A few weeks ago, a close friend tweeted this.
As I scrolled through my timeline, I stumbled on the tweet and thought “Yeah, this one’s for me”. If you know me and know me well, you’ll know I believe in signs. For months, I’d been battling with my own mental and physical health but couldn’t pinpoint what the issue was. And it didn’t matter (and has never mattered) how low I felt in my life, how many things were bothering me or if I’d had 1 hours sleep; I got up, I showed up and I got things done. But at what cost?
Reading my friend’s tweet, it really hit me. I’d been struggling to express my feelings and the kind of space I was in for a long time. But because I look fine and function well enough to get by day to day (going to work, washing myself, etc). people assume there’s nothing wrong, I’m just in a “bad mood” or that someone out there has it worse than me so I should not be complaining.
Functional Depression sums up the space I have been in, in recent months.
High Functioning Depression, whilst not a clinical diagnosis, can be characterised as having as having anxiety, low mood and low energy. Those who “suffer” with this tend to be people who are determined to get on with things, not ask or seek help, and still tend to be high achieving or successful – i.e. they appear to be doing well for themselves and so, do not appear to be stereotypically “depressed”.
Now, I’m no doctor or medical expert or practitioner. This is simply my understanding of the term and I am thus not seeking to diagnose anyone. But for me, this understanding of Functional Depression rings true. I can get on with things and continue on without quitting even if internally I’m having an actual meltdown. And of recently, I have actually been throwing in the towel because the pressure, stress and anxiety had actually gotten too much. But now that I’ve acknowledged it, I know it is not sustainable or healthy. Saying no, quitting a job, cancelling an event and/or taking a break is not weak or a sign of giving up. Telling people to back off, to leave you to it and to allow you to come to your decisions is not rude or dismissive. It is about setting boundaries and knowing your limits.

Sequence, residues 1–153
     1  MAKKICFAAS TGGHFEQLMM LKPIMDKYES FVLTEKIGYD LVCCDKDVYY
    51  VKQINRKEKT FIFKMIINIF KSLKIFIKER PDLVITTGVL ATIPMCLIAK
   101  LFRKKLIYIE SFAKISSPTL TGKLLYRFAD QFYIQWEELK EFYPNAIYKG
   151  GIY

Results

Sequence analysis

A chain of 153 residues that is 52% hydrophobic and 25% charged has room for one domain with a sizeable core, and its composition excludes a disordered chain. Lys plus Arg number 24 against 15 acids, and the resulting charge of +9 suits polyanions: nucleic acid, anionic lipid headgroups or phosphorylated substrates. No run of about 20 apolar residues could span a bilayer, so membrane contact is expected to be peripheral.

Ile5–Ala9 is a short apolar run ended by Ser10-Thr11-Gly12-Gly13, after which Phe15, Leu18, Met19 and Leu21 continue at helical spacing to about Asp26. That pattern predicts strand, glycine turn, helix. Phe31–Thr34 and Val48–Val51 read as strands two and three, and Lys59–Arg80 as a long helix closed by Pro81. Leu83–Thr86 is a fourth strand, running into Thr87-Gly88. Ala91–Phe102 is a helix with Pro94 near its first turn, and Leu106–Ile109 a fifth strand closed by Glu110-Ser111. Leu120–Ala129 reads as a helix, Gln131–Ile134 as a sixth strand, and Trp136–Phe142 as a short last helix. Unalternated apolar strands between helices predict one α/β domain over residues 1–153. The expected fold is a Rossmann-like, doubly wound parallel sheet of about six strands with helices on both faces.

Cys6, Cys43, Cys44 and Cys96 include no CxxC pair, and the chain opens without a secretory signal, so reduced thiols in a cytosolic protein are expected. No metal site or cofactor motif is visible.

Know your limits, know your boundaries, know what you are willing and able to do.
Now that I’ve acknowledged the patterns in my behaviour and how I feel in particular spaces, I’ve tried to make some changes:
• I moved out of my family home and actively giving myself space.
• I quit my job without having found a new one, encouraging myself to find somewhere better.
• I say “No” a lot more. I don’t force myself into things for other people.
• I also say “Yes” to things too, trying not to shy away from things due to anxiety and overthinking social situations.
• I constantly remind myself of my plans and goals. In doing so, I keep myself on track even when I’m feeling down.
• I allow myself to have down days, but not allowing the negativity to prolong.
• I maintain doing things I enjoy – gym, reading, blogging etc.
• I accept I can do anything but not everything at once. And that’s okay.
These are just some of the things I’ve done and acknowledged to improve my feelings of depression. Whilst I’ve never been diagnosed with any mental health concerns, I think that it is possible to go through periods of depression and anxiety at certain points in our lives. Now, I haven’t offered any quick fixes or medical advice, just simply things that have worked for me and will hopefully be helpful for others.
Your mental health and state of wellbeing is important.
Self love before all other love.